Thursday, October 08, 2009

Bathory Redux

[a number of readers have asked me to repost this essay, as the photos were bust for some obscure reason. Here it is, with images reinstated]




Weird stakes in the Bathory marshes.



Greetings. I'm in Asia right now, on the hunt for... babyrat wine. This is proving difficult, hence the hiatus in blogging. To make up for the lack of info, here's a longish piece I did for the Fortean Times, this winter, about my hunt for one of the most notorious murderesses in European history - Countess Elizabeth Bathory, the Tigress of the Carpathians.





The Truth About Countess Dracula

As nondescript places go, this one takes some beating. It's a muddy little town, in the corner of a forgotten swamp, a dozen miles from a remote section of the Hungarian/Romanian border. I'd guess the locals don't see many foreigners like myself: one farmer is staring at me so hard he's almost fallen off his bicycle.

But I'm not here to astonish the peasantry. I'm here to trace the lifestory of the most notorious murderess in European history. Elizabeth Bathory. A woman whose name was once so fearsome, the people of her native Hungary were banned from mentioning it for a hundred years. A woman, it is further said, who inspired Bram Stoker to write Dracula.

The tiny town in which I'm loitering is called Ecsed. According to historians Ecsed is where Elizabeth grew up, in the 16th century, in a large castle belonging to her illustrious family.
Yet not a trace of a castle can I find. Dowdy bungalows, yes, scruffy bus-stops, sure. But no ancient buildings. In desperation I head for the town hall, where, using my schoolboy German, I explain to a secretary what I'm seeking. 'Ah ja!' She says. ''Erzsabet Bathory!'

Soon we are joined by an amateur local historian, Zoltan, who "teaches theology and English" in the Ecsed school. We get in a car and drive past a yellow church to a concrete shed. Inside this shack I find a desultory display of stone coffins, bits of cannon, and a broken coat of arms - featuring a dragon-like creature strangled by its own tail.

Between the shed and the church is a flat swampy field. This chilly expanse of mud is, Zoltan tells me, the site of the great Bathory castle. The edifice was levelled when the Bathory family fell from grace in the 17th century. And these few dismal relics, collected in the shed, are all that remain of Elizabeth Bathory's childhood home.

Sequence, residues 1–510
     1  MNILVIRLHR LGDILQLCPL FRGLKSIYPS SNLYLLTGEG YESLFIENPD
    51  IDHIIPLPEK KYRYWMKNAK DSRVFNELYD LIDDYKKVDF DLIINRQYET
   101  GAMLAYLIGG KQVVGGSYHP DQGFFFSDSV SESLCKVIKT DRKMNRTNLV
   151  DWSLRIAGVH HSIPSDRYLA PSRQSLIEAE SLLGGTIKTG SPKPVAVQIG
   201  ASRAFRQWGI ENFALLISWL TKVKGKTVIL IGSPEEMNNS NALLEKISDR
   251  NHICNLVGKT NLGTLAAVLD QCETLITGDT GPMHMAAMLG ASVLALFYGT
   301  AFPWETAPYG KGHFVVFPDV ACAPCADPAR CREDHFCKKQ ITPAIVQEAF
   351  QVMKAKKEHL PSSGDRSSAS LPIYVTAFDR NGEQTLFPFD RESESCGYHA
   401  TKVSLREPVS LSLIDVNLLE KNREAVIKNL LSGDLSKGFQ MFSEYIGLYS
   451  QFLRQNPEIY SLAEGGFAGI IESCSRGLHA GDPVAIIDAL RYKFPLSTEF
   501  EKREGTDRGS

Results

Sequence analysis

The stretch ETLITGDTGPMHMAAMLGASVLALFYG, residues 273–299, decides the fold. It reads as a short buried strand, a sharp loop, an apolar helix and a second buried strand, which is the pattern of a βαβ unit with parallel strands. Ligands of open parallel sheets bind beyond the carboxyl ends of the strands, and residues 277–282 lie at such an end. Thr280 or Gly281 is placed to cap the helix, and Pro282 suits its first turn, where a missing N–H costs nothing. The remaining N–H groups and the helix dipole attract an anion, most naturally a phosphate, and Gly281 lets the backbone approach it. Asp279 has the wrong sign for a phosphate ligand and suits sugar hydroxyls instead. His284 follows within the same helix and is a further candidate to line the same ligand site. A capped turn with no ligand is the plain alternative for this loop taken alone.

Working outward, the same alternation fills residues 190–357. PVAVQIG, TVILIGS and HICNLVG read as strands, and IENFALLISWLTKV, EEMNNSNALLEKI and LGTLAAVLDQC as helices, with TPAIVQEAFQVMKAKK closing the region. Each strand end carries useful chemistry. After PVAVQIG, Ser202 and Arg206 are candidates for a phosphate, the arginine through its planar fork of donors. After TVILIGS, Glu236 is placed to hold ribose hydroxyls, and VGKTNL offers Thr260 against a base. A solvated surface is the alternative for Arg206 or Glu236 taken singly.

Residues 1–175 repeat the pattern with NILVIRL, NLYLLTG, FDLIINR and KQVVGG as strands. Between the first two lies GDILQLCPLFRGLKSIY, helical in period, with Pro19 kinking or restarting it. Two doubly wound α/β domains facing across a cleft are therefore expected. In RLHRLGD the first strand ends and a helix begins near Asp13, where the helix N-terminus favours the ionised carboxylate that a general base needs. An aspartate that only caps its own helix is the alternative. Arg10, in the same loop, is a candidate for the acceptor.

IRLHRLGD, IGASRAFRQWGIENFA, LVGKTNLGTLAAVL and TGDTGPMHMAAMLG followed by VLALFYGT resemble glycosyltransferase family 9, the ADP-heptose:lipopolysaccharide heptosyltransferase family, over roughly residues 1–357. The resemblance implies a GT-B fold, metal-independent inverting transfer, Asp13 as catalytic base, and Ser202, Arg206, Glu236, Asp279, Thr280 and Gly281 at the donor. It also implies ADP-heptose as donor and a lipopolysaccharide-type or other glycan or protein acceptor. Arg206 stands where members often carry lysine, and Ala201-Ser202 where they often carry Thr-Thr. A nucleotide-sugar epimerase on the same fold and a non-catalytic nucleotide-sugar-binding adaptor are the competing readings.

There is a picture of Elizabeth Bathory on the wall of the "museum". Zoltan shakes his head.
'You know,' he says. 'They say she killed many people. But I think she was just an intelligent and independent woman - who would not kneel to men. Maybe they made up those stories to destroy her?'

Zoltan, it seems, is a Bathory Revisionist - he belongs to that school of thought which claims that Elizabeth Bathory, the infamous "Blood Countess", was really the victim of a lordly conspiracy.
This contrary perspective has been around for some time. During the 20th century it was promulgated by Hungarian scholars, keen to cleanse the national record. At the same time, a feminist perspective on Bathory has seen her as a smart and spirited woman condemned by a misogynist patriarchy. A new film, starring Anna Friel, and due out this summer, reiterates this feminist take.

Meanwhile, many writers, artists and historians have gone to the opposite extreme, citing Bathory as the quintessence of female evil. A cannibalistic lesbian who slaughtered hundreds of virgins.

They can't all be right. So my job is to sort the revisionist wheat from the hysterical chaff. And to do that I need to follow Bathory's trail across three countries.

Climbing in my car I bid goodbye to Ecsed. As I set off across the lonely marshes I go over what we already know - what is historically undisputed - about Bathory's background.